Brand you! Positioning yourself or your PMO for success
A key factor for your success (or your Project Management Office's (PMO) success) is how you are positioned in your organization, your industry, and your profession. How do you position yourself for success? How do you position your thought leadership, capabilities, knowledge, and wisdom (we all have some of that) —your brand— so others see you as valuable and act accordingly? This paper will outline the steps you need to build a great brand to position yourself (or your PMO) for success. This paper will consider:
- What it means to brand yourself,
- Building your brand through thought leadership,
- Four steps to position your brand for success, and
- Brand You: where you stand.
Brand You! identifies the key factors that lead to personal and PMO success. This paper discusses how important it is to develop a value proposition to use in building a great brand, how to identify the stakeholders you need to sell to, and how to develop a position to effectively sell your brand. A key to branding is developing great thought leadership. This paper will address what it means to be a “thought leader” and present the steps you need to take to build your thought leadership brand. Finally, a model will be presented for you to quickly assess where Brand You! currently stands, and what you need to do to improve your brand.
What It Means to Brand Yourself
Brand management is the application of marketing techniques to a specific product, product line, or brand. It seeks to increase the product's perceived value to the customer and thereby increase brand franchise and brand equity. Marketers see a brand as an implied promise that the level of quality people have come to expect from a brand will continue with future purchases of the same product. This may increase sales by making a comparison with competing products more favorable. It may also enable the manufacturer to charge more for the product. The value of the brand is determined by the amount of profit it generates for the manufacturer. (Wikipedia, 2009)
Branding is a concept that is well understood in the consumer products business, but has recently been promoted as a means of marketing yourself so others see you in a certain light. (Throughout this article, I'll be speaking about branding yourself, but all of what is described can be used to brand your PMO in the same way). In particular, you brand yourself in business so your stakeholders see you as someone who delivers value, is consistently helpful, and can provide solutions to problems they care about. It's a way to distinguish yourself from others, creating a unique role for yourself.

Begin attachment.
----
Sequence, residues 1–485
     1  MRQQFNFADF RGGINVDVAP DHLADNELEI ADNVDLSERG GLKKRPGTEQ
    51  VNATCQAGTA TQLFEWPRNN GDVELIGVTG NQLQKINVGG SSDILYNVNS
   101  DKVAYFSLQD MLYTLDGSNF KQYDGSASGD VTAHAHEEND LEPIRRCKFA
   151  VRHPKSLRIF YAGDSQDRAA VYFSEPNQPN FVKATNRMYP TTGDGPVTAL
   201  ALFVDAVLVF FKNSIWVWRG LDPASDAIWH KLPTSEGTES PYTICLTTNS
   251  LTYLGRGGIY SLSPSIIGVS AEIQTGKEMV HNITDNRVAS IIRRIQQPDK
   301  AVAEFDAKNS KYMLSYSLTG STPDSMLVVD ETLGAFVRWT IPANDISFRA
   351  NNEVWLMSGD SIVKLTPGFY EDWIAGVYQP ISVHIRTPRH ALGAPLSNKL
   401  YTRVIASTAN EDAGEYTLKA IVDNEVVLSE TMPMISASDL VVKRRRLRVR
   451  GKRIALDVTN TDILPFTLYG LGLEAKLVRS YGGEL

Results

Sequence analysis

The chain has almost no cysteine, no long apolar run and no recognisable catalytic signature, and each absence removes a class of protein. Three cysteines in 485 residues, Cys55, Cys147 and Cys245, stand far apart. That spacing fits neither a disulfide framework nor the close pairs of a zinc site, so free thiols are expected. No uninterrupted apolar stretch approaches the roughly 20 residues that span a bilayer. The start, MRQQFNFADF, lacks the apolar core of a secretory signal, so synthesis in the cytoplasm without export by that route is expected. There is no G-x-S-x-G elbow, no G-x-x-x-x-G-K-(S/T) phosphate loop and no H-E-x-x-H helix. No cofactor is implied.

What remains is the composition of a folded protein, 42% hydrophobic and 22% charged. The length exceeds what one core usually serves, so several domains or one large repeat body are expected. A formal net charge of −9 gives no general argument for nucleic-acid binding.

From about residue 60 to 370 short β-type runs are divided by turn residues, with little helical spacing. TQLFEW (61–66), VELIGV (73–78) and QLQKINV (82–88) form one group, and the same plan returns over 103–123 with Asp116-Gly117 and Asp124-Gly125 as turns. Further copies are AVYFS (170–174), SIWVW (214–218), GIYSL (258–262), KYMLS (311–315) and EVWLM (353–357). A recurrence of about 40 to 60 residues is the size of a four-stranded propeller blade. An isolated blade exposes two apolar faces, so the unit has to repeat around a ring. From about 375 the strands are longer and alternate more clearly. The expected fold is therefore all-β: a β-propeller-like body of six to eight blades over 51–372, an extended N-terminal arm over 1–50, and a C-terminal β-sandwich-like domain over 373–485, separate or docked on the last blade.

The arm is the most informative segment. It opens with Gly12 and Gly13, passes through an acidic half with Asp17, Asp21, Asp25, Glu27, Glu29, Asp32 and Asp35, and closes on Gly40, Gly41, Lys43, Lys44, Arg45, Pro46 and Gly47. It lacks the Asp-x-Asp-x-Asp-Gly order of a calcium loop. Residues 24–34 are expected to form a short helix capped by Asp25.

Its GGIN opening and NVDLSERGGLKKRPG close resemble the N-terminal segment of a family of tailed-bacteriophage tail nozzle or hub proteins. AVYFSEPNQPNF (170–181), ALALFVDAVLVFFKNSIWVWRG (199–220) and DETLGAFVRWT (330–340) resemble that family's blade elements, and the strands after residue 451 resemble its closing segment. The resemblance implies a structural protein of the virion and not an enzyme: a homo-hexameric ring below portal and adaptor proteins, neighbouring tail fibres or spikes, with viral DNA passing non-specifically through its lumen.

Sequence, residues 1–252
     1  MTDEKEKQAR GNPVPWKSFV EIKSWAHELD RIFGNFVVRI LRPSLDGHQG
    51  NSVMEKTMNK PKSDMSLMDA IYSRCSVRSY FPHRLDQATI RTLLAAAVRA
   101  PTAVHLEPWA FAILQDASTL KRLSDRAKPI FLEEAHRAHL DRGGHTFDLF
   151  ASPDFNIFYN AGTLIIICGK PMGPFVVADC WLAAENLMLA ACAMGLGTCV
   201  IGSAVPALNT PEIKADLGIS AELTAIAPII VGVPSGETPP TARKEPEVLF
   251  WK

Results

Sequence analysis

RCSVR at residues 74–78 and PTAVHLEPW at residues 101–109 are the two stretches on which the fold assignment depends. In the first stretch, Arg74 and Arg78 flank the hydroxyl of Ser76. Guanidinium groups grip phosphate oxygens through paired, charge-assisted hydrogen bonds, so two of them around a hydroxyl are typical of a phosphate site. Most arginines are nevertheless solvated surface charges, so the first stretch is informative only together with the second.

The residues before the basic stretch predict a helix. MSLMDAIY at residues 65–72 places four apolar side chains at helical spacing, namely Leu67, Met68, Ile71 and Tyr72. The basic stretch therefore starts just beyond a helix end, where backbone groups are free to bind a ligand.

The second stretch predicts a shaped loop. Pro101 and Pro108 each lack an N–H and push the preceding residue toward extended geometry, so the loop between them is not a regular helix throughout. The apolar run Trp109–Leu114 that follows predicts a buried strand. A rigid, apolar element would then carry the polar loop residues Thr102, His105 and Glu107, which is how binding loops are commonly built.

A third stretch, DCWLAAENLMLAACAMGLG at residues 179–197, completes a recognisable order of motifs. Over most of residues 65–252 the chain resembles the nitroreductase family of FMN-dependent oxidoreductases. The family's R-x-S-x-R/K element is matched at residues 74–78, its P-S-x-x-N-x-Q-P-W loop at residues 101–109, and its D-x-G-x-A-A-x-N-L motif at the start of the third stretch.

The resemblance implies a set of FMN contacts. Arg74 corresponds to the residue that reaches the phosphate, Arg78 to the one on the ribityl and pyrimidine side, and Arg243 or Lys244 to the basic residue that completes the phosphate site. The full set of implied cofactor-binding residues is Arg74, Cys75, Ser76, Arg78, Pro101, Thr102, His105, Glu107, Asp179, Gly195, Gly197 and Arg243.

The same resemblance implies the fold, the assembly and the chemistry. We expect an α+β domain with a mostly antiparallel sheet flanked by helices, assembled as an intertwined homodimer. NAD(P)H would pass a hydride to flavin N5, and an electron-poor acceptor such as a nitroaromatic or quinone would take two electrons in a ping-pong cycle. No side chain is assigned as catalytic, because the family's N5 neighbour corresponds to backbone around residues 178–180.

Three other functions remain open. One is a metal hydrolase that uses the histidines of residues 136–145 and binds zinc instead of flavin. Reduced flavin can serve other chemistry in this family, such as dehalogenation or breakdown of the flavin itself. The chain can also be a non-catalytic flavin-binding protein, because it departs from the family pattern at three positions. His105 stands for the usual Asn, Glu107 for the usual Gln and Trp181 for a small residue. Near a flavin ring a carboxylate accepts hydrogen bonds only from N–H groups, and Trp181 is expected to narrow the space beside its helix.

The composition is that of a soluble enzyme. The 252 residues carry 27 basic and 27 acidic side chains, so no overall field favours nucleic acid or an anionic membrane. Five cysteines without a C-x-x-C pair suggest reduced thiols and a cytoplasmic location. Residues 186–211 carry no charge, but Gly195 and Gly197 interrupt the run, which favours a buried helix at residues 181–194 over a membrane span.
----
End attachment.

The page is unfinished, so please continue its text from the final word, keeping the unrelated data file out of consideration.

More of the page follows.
When people think about what makes you valuable in business, what do you want them to say? The key to branding is value, and your stakeholders need to know that you add value to their business. They need to know about your track record of successful outcomes and that you have clearly demonstrated your expertise. They also need to know that you have the vision to identify emerging problems and provide creative solutions. That, in particular, is what will set you apart from others. To demonstrate this expertise, you must be a thought leader. You must spend time synthesizing big ideas—industry trends, market needs, and innovative concepts—and more importantly you must be actively discussing the implications of these ideas. You must own the debate surrounding your stakeholders’ business challenges and, by so doing, develop a personal brand.